Perceptual architecture

A nearly ubiquitous account of perception, in both philosophy and the cognitive sciences, is what Jonathan Cohen and I have called "feature prioritarianism." Stemming back at least as far as the British empiricists, feature prioritarianism holds that perception makes contact with the world by first independently representing object features such as size, shape, and color, then combining these representations in a logical or mereological fashion. In several works, we have criticized this picture as incompatible with the range of psychological evidence, which shows that features are not, as a general principle, represented prior to information about objects and scene elements (nor vice versa). We have articulated a fundamentally "integrative" account of perception, which captures this lack of priority between feature and object representations, and the ubiquitous interactions of different features in perceptual processing.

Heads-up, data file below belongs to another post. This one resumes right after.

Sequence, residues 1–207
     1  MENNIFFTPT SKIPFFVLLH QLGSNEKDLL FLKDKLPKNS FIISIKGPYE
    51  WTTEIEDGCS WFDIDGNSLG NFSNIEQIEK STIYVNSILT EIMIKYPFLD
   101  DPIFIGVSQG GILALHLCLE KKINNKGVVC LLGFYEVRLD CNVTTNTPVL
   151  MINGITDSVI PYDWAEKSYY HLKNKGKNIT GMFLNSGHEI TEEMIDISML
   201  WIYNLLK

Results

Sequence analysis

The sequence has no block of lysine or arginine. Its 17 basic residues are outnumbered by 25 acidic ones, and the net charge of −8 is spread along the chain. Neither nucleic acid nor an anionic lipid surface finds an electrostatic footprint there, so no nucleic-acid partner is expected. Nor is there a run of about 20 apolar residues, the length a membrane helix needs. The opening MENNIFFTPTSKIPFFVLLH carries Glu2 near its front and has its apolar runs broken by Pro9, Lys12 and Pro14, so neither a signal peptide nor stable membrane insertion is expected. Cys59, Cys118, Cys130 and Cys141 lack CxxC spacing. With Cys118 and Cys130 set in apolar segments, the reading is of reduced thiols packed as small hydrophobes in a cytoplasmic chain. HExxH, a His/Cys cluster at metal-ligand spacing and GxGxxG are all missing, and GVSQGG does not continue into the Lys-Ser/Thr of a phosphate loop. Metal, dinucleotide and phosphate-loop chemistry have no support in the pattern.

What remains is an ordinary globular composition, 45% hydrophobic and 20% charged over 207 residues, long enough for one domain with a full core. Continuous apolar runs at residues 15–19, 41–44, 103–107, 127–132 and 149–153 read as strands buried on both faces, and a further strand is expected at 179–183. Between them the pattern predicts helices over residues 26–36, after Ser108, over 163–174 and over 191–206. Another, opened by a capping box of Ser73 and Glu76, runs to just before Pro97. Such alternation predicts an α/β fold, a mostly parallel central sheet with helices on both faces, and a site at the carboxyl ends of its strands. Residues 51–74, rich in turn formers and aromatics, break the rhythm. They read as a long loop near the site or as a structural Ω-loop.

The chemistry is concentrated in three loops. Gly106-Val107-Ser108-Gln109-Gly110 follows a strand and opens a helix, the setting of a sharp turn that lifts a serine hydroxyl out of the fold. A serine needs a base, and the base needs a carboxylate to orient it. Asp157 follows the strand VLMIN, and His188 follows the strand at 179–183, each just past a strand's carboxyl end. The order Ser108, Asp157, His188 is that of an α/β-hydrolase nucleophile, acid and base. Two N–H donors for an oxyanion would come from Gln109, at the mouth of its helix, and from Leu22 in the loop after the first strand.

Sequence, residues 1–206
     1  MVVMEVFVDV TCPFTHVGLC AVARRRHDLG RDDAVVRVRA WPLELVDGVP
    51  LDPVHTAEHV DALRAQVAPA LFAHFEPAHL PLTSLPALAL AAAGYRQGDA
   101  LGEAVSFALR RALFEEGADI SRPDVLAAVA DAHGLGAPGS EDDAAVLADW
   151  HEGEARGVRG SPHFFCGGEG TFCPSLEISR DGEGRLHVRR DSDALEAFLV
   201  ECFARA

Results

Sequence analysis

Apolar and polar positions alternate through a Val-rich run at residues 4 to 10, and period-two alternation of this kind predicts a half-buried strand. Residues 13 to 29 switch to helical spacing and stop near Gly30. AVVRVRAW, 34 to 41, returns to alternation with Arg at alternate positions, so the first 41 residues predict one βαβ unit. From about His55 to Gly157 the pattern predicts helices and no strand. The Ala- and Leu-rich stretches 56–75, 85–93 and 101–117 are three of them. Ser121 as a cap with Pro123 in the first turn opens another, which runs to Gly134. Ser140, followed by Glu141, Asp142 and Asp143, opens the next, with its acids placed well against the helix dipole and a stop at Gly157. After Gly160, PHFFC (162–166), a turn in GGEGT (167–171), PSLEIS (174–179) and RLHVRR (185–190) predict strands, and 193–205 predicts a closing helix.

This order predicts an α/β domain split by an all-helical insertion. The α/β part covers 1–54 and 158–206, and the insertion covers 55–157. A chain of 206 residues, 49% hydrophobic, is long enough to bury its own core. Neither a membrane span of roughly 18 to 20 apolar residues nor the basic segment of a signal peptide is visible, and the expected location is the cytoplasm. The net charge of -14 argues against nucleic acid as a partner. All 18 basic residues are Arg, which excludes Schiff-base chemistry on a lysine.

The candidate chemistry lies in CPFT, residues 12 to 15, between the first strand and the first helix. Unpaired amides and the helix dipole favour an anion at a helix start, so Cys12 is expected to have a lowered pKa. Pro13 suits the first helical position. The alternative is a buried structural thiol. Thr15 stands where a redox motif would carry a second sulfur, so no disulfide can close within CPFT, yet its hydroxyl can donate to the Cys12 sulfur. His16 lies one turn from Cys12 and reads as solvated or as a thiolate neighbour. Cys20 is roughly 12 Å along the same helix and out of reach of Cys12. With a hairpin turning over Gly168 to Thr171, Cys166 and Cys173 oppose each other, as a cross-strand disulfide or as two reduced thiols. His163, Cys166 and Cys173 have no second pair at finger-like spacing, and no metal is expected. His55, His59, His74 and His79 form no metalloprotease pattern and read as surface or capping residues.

I am currently involved in a number of projects that further explore this type of architecture from a philosophical perspective. Some of the issues I am considering involve the nature of the relationship between perception, the role of context in determining perceptual content, and a variety of questions about the nature of categorical perception.